(Headline USA) Many of the mantras embraced last year by the radical Left, such as “defund the police” and “Critical Race Theory” have quietly slipped into the background as backlash grows against the overtly racist rhetoric, which could prove a linchpin in next year’s midterm election.
Next to be taken out to pasture may be the most ubiquitous phrase of all, “black lives matter.”
The involvement of several high-profile black community leaders in the shooting of a white Arkansas teenager leaves many questions about what is in store for the movement—whether it may be a test case for activists seeking to de-emphasize the divisive identity politics or simply a case of race-hustling charlatans going wherever the price is right.
The Rev. Al Sharpton and attorneys for George Floyd’s family on Tuesday mourned 17-year-old Hunter Brittain, as they urged support across racial lines for efforts to reform police practices.
Sharpton eulogized Brittain, who was shot and killed by a white Lonoke County sheriff’s deputy, Sgt. Michael Davis, during a traffic stop June 23 near Cabot, about 30 miles northeast of Little Rock.
The killing in the predominantly white community has drawn the attention of national civil rights activists such as Sharpton, who said concerns about police tactics aren’t just limited to the black community.
“The issue of policing is not about black and white,” Sharpton told a packed auditorium at Beebe High School, where Brittain was a rising senior. “It’s about right and wrong.”
Many attending the memorial wore jeans and shirts that read “Justice for Hunter,” in a ceremony that included Floyd family attorneys Ben Crump and Devon Jacob. Both are representing Brittain’s family.
Crump and Jacob invoked other people killed by police, including Breonna Taylor, a Kentucky woman who was fatally shot during a botched police raid. Crump led the crowd in chanting, “Hunter Brittain’s life matters.”
“Because he is not here, we all have to unite together and make sure people all over America know that we will get justice for Hunter Brittain,” Crump said.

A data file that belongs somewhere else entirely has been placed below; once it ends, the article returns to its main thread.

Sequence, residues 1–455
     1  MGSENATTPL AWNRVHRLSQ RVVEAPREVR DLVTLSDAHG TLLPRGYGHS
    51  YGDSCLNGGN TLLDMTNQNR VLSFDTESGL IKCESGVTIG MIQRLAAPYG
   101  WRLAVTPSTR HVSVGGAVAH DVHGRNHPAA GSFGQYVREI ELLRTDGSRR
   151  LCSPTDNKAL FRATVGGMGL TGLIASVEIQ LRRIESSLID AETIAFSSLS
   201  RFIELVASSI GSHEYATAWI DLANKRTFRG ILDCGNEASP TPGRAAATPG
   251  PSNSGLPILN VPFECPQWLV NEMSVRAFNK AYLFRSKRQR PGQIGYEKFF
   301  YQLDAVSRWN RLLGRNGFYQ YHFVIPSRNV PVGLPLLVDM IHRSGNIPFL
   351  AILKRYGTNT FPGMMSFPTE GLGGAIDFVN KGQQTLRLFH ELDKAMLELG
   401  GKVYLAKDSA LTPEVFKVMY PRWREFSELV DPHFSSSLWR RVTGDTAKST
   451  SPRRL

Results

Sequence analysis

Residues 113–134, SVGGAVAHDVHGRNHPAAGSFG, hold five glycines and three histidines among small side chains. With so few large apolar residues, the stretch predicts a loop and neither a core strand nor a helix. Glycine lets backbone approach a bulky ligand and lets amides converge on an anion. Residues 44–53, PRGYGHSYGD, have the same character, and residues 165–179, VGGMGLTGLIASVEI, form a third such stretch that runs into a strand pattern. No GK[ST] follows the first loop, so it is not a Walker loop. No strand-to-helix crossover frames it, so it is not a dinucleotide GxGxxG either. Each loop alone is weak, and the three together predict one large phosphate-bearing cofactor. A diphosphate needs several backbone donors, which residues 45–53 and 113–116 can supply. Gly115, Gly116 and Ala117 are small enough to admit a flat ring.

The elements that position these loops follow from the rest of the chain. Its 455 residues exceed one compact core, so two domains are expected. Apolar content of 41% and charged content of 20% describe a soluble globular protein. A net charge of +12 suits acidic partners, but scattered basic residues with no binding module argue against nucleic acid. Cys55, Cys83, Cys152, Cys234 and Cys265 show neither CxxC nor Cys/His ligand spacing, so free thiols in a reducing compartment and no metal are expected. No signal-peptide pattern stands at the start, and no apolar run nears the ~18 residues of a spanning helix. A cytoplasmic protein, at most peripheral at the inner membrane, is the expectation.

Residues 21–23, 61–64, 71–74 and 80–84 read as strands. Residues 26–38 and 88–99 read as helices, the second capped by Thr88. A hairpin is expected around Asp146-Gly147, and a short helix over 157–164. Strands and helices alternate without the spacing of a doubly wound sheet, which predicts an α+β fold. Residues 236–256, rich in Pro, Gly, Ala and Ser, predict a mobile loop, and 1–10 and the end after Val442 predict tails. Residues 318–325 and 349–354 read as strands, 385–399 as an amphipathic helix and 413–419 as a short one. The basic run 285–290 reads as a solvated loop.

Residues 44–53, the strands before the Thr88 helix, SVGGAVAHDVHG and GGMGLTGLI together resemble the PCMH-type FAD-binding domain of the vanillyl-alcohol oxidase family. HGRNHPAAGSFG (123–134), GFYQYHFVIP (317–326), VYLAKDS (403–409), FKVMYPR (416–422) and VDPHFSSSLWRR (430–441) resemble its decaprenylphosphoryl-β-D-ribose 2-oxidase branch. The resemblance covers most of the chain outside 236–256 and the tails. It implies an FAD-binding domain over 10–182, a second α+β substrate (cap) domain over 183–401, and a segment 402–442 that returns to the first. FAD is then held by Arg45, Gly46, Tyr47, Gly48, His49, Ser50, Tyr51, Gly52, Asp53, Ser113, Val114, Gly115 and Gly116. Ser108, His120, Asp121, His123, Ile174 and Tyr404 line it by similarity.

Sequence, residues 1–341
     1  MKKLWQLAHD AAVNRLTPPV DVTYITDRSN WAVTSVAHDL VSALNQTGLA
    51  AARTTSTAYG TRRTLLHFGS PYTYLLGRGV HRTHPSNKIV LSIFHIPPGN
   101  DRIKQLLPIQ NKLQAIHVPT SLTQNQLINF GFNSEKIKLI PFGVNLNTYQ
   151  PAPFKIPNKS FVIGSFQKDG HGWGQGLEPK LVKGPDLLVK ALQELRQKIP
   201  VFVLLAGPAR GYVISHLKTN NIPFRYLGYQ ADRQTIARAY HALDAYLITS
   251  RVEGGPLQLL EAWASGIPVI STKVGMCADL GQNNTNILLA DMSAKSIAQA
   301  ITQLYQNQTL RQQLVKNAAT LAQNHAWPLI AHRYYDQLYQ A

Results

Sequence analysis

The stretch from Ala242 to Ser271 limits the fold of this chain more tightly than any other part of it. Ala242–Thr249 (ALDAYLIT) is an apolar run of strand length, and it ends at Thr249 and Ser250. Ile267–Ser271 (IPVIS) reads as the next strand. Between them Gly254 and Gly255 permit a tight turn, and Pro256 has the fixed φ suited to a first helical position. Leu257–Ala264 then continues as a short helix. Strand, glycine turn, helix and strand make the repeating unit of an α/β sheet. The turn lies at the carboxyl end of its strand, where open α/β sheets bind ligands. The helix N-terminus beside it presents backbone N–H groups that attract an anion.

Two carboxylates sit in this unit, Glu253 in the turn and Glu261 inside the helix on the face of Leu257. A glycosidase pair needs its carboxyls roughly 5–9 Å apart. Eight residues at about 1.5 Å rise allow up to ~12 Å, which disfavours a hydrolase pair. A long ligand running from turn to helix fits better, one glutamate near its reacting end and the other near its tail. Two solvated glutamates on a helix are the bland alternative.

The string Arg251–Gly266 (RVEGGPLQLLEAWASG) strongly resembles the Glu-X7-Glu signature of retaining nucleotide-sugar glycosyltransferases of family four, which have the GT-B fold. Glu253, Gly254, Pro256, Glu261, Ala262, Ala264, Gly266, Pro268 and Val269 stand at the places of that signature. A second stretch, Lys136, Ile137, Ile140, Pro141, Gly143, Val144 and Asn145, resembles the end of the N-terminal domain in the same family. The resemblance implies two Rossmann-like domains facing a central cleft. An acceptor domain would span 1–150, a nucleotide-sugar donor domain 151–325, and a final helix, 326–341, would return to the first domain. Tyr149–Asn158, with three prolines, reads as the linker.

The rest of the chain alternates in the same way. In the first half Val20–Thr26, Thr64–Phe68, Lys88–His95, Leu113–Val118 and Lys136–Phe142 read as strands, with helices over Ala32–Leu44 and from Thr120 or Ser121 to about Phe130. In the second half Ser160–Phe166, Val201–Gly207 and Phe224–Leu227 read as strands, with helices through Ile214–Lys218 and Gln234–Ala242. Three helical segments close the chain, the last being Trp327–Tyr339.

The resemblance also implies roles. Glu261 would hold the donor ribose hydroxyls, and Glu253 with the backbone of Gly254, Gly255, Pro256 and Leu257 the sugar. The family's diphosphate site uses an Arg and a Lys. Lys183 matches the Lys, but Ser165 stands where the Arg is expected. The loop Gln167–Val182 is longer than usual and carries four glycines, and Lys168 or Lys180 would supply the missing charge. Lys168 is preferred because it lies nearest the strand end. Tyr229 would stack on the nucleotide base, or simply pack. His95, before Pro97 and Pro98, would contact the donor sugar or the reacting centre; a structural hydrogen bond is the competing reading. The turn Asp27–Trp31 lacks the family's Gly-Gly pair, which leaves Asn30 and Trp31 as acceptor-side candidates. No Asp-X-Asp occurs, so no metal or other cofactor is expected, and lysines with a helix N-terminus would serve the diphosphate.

Lonoke County Sheriff John Staley last week fired Davis for not turning on his body camera until after he had shot Brittain. Staley said the only footage police have is from the aftermath. Arkansas State Police are investigating Brittain’s death. Davis is white.
Authorities have released few details about the shooting. Brittain’s family has said the teenager was unarmed and was holding a jug of antifreeze when he was shot. Brittain’s family and friends have held protests nightly outside the Lonoke County sheriff’s office and have complained about the lack of information released.
Staley on Monday said he welcomed those who want to peacefully protest, but that out-of-state activists could risk “inflaming an already difficult situation.”
“The people of this county are good, decent people and they, like me, want to see accountability and transparency in this situation,” Staley wrote on the office’s Facebook page.
The memorial included calls to pass federal legislation in Floyd’s name to overhaul police practices.
“Hopefully, Hunter and his untimely death will finish what Hunter’s brother—George Floyd—and his death started,” Jacob said.
Jesse Brittain, Hunter’s uncle, received a standing ovation when he called for an end to qualified immunity for police officers.
“Your life had meaning, you’re loved and your family will not stop advocating until we have justice for you, Hunter,” he said. “And also justice for all of our other brothers and sisters dying at the hands of law enforcement hired to protect and serve us around this country.”
As mourners filed into the high school auditorium Tuesday morning, photos and video of Brittain were displayed on a large screen above his casket, which was decorated with blue and white ribbons, the Chevrolet symbol and “Forever Chevy 17.” Family members said Brittain dreamed of becoming a NASCAR driver after graduation.
Adapted from reporting by the Associated Press